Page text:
November 13, 2017

Todd Davis


A pickup slips over the ice, rear tires spinning, turning 
a circle, then another, a series of donuts in a mechanical dance 
that causes the three boys to swear and laugh, spilling beer 
onto their laps and the seats that already stink of cigarettes 
and sweat. Their dads and uncles sit in hastily erected shacks, 
hovels spread across the lake, humped over like the dirt 
at the entrance to gopher dens. Men fish in the half-light 
of heaters, drinking schnapps and whiskey, readying themselves 
for the rod to bow, hovering over an augured hole 
as if it were a nest in need of guarding. When at last 
the line jerks down into the dream of a northern pike, 
they fumble with the reel, hearts racing ahead of an ending 
they imagine will be told at the bar on a Saturday in June, 
glasses of beer sweating, hands spread wide in a lie 
to suggest the size of that fish whose head sprang 
from the slush-filled abyss, only to escape their grip 
into the black depths of late December. Air snakes 
through the truck’s cab, windows rolled down 
so these bored boys can scream at the stars 
salted across the sky. Most of the men have gone 
to eat supper, to watch the Lions lose one more game 
on TV. The smell of propane lingers, stirred with the beer 
the boys burp as they smoke cigars and cough. 
They’ve parked the truck at Ralph’s shanty, 
and the older brother spits into a plastic jug, snuff 
stuffed under his lower lip, as he tells stories 
about a buck he killed in October and a girl he dated 
from the next town over with a mouth as soft as velvet. 
There are always cracks in the ice, but trying to decide 
which seam is harmless and which leads to the bottom 
is a matter of luck. They’ve grown accustomed to the lake’s 
groaning, having heard its teeth chatter since they were children: 
sun melting into the horizon, everything refreezing 
in a slick swatch of darkness. Toward the south end 
of the lake, springs thin the ice, but the boys believe 
the cold insures their passage. On the way back 
a wheel breaks through, front end dipping, the entire truck 
tipping, then plunging forward like a duck, tail feathers 
pointed at the moon. Every year some drown, 
and even more trucks sink. But tonight, 
with the windows open, each boy places a foot 
on the seat and leaps to safety, rolling onto their sides, 
praying the ice-shelf will hold. The sound of the truck 
being sucked beneath the surface is smothered 
by their happy hollering. None of them thinking 
about the cost when Szymanski’s Towing 
sends a diver down with a cable and hook, 
or how their moms will cry as their dads berate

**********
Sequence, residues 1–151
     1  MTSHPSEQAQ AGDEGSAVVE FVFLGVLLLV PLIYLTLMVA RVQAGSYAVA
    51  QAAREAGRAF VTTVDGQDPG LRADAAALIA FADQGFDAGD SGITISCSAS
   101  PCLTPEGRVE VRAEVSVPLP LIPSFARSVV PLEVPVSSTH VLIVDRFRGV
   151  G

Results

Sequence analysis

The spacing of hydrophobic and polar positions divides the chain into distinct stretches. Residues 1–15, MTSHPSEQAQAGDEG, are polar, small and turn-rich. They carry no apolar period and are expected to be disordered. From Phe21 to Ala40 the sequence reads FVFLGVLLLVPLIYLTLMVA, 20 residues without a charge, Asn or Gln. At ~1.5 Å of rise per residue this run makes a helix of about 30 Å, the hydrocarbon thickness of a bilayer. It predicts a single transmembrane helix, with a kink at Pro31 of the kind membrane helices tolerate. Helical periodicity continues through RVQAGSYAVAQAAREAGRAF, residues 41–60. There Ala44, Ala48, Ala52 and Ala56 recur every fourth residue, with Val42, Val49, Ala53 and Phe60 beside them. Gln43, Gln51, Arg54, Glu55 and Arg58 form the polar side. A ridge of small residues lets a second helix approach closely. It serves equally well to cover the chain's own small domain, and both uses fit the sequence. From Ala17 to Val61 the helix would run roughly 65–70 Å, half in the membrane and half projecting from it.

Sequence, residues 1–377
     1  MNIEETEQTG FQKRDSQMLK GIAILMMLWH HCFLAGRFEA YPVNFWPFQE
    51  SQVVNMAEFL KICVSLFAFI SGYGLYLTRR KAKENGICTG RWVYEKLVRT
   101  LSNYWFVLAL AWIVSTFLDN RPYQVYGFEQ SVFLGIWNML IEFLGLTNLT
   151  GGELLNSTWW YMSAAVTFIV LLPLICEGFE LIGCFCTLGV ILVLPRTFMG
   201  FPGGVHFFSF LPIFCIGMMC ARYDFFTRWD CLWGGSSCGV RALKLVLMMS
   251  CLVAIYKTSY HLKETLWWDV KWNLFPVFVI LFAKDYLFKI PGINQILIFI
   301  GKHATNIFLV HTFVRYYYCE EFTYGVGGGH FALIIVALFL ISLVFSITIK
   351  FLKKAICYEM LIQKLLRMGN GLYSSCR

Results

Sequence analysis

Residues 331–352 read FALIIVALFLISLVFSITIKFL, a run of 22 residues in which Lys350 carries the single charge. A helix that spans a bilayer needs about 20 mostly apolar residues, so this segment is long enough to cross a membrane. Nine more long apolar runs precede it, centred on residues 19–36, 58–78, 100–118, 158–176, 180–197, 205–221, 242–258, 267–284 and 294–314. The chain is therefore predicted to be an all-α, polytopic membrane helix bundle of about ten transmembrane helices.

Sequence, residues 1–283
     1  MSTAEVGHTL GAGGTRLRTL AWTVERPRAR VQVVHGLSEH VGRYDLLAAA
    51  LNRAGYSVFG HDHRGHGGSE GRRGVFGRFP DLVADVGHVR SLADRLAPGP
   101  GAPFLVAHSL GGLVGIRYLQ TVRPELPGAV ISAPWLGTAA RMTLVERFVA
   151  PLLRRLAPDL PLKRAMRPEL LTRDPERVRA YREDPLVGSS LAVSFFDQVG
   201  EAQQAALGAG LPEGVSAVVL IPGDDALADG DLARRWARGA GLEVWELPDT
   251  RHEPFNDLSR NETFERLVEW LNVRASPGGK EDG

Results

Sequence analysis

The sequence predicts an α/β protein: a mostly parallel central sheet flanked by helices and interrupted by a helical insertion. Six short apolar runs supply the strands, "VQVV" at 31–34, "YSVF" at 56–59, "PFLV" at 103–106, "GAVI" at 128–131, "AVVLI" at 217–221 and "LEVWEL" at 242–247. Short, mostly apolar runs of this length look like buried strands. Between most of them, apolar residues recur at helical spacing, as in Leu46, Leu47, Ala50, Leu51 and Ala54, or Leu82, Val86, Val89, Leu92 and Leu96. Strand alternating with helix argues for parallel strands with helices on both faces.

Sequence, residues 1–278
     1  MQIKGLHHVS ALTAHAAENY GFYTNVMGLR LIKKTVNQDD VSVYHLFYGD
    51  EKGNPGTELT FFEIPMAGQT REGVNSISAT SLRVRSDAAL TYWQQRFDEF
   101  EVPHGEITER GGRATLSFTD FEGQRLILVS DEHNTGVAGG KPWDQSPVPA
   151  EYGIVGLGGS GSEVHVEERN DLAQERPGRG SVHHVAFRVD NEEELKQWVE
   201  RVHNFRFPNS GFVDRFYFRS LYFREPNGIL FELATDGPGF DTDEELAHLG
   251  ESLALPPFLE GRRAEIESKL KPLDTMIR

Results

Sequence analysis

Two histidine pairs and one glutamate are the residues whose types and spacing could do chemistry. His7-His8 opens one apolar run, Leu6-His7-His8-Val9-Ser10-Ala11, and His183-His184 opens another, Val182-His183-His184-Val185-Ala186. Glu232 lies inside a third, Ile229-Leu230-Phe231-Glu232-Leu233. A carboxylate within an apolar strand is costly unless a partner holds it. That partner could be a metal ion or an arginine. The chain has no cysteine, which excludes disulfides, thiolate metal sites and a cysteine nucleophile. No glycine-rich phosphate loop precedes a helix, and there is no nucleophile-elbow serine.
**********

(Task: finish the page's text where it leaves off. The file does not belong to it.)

such stupidity, which of course is inherited. 
For now they can only hoot at their own good fortune. 
The cold stars warmer with their escape, sparkling 
like the fake diamonds they give their girlfriends
on their six-month anniversary, and the moon 
offering just enough light to help them to shore 
and to the county road they’ll walk 
all the way back to town.

from Rattle #57, Summer 2017
Tribute to Rust Belt Poets

[download audio]


Todd Davis: “I was born, raised, and have lived in the Rust Belt for 52 years. The first eighteen years of my life were spent in the factory town of Elkhart, Indiana, playing basketball and football and dreaming about the deep forests in upstate New York where I’d visited to backpack with my father and uncle, places that seemed otherworldly, so green and with water we drank directly from streams flowing out of the sides of mountains. After that, I lived in northern Illinois for seven years, then another six years in Goshen, Indiana, and for the past fourteen years I’ve lived in Pennsylvania, ten miles north of the dying railroad town of Altoona. Because of these places, notions of decay and injury can be found in my poems, and poets like Jim Daniels and Jan Beatty have been important in showing me ways to write about what matters here. The small village of Tipton where my house sits is near 41,000 acres of game lands. I hunt and fish in what seems to be an imitation of those first forests I encountered in upstate New York, planning my escape into their creases. But even in the most remote places in these 41,000 acres I can’t escape the legacy of the Rust Belt: acid mine drainage from deep tunnel mining and strip mining for coal creates ‘kill zones’ in the forest and makes some of the streams sterile. I suppose I hope that my poems offer a glimpse of the good in these places while not flinching at the harm we’ve done to the land and to each other.” (website)

Rattle Logo

November 12, 2017

Elizabeth McMunn-Tetangco


the man who wrote me
all the letters about love
when I was nine the man
who stared at me in math
class through the window
masturbating the man who
cupped his hand real quick
around my ass when I walked
by the man who followed
me one time on the bus
home the man who followed
me one time in his car the
man who chased me till
I ran into a church to get
away the man who followed
me one night outside the club
telling me that he would fuck me
the man who pushed me
down until I couldn’t breathe
the man who stood outside
my house till I got home the
man we laughed at in the
car with his junk out how

at first I had thought it was just a tool belt

from Poets Respond
November 12, 2017

[download audio]


Elizabeth McMunn-Tetangco: “The fact that Roy Moore has not (as of this writing) left the Alabama Senate race despite the fact that he is almost certainly a sexual predator, coupled with the fact that he still stands a good chance of winning, inspired me to write this. In some ways, my experiences with predatory men have been pretty minor—I’m lucky. But everyone I know has had experiences like these (or much worse), and this is a huge problem. Also, this is not even a comprehensive list of what I have experienced. I feel like we need to keep talking about this. It makes me so angry that being a sexual predator doesn’t preclude one from holding office. It means that people who vote don’t think this matters.” (book)

Rattle Logo

November 11, 2017

Valerie M. Smith (grade 12)


I remember how her small ankles
would guide her feet
to sun-bathing rocks
nestled in sea water
and pelican coffee breaks.
Her arms would bleed
from their gagged mercy
protruding from the sea,
gray hearts longing
for her precious liquid life.
We’d spread out our ribs
on these rocks,
feeling them push into our skin.
Too shy for bathing suits
and the sun’s soothing rays,
we’d sleep
wrapped in California dreams
and familiar arms and legs
that counted a mystical four
instead of a lonely two.
No better human pillows ever existed.
This was the sin
that parents should scorn
because she possessed me
like she possessed beauty.
It was all the life
I felt to be lived
in mysterious oceans of eyeliner.

from Rattle #9, Summer 1998
Tribute to Children

Rattle Logo